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Programspråk och säkerhet » Kryptoblog

Programspråk och säkerhet

March 12th, 2009 by Joachim Strömbergson Leave a reply »

Ivan Krstić, pappan till säkerhetsplattformen Bitfrost i One Laptop Per Child (OLPC)-projektet har på sin blogg Code Culture postat en bra sammanställning om programspråk och säkerhet.

Ivan
Ivan Krstić

När Ivan är ute och håller föreläsningar om säkerhet får han tydligen ofta frågor om programspråk och säkerhet, och har därför satt samman en sammanställning som, utifrån vilken angreppspunkt man har leder till olika källor att studera närmare. Ivan skriver:


If I had to grossly overgeneralize, I’d say people looking at language security fall in roughly three schools of thought:

1. The “My name is Correctness, king of kings” people say that security problems are merely one manifestation of incorrectness, which is dissonance between what the program is supposed to do and what its implementation actually does. This tends to be the group led by mathematicians, and you can recognize them because their solutions revolve around proofs and the writing and (automatic) verification thereof. 2. The “If you don’t use a bazooka, you can’t blow things up” people say that security problems are a byproduct of exposing insufficiently intelligent or well-trained programmers to dangerous language features that don’t come with a safety interlock. You can identify these guys because they tend to make new languages that no one uses, and frequently describe them as “like popular language X but safer”. 3. The “We need to change how we fundamentally build software” people say that security problems are the result of having insufficiently fine-grained methods for delegating individual bits of authority to individual parts of a running program, which traditionally results in all parts of a program having all the authority, which means the attack surface becomes a Cartesian product of every part of the program and every bit of authority which the program uses. You can spot these guys because they tend to throw around the phrase “object-capability model”.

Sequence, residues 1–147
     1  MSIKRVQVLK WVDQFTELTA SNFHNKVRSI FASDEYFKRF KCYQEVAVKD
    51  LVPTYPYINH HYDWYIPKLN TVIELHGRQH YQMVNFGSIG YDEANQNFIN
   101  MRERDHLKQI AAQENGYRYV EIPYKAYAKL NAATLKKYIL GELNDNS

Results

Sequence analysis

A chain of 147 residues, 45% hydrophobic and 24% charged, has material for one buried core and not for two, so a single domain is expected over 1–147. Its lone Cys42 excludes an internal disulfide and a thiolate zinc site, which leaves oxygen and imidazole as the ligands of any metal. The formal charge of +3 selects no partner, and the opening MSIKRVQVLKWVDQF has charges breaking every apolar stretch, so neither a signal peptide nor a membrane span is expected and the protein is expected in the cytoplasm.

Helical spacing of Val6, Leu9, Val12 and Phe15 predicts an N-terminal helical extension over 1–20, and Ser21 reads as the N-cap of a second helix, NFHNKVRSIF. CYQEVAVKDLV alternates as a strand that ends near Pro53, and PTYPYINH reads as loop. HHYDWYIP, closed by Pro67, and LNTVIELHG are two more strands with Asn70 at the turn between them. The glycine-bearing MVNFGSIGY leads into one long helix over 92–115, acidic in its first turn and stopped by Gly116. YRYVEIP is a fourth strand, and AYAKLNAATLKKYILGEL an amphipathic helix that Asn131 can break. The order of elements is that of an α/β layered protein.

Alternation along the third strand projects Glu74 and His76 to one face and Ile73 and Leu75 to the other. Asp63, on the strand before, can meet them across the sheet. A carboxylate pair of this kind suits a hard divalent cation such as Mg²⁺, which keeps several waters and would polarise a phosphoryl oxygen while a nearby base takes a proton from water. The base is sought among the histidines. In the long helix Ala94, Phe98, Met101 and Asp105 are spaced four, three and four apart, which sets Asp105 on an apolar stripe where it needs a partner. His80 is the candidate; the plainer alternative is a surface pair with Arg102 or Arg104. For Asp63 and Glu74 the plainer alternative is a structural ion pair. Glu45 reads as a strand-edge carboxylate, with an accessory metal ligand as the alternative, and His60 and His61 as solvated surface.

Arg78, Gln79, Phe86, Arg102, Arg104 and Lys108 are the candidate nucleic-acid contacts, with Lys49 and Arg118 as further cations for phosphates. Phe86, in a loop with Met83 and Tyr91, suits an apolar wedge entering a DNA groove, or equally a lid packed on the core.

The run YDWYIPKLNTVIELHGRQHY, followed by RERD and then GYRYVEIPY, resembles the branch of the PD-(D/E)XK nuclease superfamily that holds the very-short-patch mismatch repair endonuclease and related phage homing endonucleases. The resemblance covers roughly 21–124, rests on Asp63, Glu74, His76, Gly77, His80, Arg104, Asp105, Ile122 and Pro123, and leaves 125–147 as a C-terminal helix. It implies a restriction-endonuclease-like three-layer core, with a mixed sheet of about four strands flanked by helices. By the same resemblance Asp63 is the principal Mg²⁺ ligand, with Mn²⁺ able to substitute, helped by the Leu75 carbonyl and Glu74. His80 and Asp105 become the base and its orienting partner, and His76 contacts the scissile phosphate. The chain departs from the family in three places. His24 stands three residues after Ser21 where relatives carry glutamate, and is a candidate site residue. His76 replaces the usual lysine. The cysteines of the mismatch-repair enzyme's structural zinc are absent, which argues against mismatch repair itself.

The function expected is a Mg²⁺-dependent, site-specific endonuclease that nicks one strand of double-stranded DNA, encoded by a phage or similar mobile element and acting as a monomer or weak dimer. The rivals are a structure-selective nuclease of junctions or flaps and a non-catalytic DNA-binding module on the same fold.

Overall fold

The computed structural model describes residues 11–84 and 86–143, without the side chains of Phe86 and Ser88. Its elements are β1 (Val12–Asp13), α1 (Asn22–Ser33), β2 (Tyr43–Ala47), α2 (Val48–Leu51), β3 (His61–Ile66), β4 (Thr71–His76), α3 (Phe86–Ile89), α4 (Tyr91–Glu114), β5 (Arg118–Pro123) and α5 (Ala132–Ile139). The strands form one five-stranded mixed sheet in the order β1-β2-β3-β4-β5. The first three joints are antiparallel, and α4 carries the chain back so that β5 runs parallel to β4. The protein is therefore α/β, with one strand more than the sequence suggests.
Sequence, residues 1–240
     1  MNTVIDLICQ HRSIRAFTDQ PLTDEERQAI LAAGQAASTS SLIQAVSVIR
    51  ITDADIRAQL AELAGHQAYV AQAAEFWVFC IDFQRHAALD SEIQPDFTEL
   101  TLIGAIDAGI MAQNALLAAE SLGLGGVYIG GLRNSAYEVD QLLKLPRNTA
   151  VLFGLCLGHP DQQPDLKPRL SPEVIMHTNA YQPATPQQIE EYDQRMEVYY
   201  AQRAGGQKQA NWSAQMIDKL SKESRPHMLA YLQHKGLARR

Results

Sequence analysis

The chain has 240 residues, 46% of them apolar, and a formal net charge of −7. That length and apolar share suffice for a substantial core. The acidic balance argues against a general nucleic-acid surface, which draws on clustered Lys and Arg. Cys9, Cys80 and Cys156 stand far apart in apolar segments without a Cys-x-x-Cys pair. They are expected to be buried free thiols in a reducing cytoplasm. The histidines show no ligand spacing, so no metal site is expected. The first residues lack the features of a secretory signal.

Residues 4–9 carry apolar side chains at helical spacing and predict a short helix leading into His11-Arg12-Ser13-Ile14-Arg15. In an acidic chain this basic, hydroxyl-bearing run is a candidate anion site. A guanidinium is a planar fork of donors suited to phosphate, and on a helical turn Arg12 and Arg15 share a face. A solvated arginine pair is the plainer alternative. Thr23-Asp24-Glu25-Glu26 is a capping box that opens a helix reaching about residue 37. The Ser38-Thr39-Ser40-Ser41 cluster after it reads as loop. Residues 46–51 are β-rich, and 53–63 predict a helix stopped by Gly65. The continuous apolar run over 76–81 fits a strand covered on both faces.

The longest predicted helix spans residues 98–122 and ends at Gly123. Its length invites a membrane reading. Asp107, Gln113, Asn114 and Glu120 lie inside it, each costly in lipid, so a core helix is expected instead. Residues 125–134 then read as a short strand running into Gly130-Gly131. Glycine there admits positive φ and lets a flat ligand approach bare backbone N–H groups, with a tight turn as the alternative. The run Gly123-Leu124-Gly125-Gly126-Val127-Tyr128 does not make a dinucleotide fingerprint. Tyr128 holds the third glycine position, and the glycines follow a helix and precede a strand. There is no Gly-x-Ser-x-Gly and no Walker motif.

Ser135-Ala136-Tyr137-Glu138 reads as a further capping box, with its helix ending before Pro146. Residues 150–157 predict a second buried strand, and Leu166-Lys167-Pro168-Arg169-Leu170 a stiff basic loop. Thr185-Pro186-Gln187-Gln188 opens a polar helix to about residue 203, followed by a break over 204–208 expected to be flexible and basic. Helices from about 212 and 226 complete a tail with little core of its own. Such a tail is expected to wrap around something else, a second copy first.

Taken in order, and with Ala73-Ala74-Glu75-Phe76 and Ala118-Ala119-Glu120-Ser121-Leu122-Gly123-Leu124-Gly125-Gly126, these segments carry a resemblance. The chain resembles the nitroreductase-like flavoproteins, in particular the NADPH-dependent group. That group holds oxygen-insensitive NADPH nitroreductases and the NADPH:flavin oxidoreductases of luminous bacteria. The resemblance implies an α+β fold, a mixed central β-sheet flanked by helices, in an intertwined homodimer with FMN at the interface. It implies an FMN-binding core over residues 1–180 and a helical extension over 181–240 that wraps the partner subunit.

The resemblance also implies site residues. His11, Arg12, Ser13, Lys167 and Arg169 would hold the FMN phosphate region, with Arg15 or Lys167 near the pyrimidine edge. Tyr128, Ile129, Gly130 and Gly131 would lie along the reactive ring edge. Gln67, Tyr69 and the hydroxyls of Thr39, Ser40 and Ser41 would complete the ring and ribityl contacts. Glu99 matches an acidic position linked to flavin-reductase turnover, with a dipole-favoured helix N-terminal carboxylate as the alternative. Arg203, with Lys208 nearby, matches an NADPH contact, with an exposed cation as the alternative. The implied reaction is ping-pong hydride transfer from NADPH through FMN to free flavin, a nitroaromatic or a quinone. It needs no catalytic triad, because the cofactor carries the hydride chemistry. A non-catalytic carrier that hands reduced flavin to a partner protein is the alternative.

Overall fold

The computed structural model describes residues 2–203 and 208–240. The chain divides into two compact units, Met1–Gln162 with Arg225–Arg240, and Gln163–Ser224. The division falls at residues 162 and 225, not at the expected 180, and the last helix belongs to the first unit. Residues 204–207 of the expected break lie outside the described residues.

Now, while I’m already grossly overgeneralizing, I think the first group is almost useless, the second group is almost irrelevant, and the third group is absolutely horrible at explaining what the hell they’re talking about.

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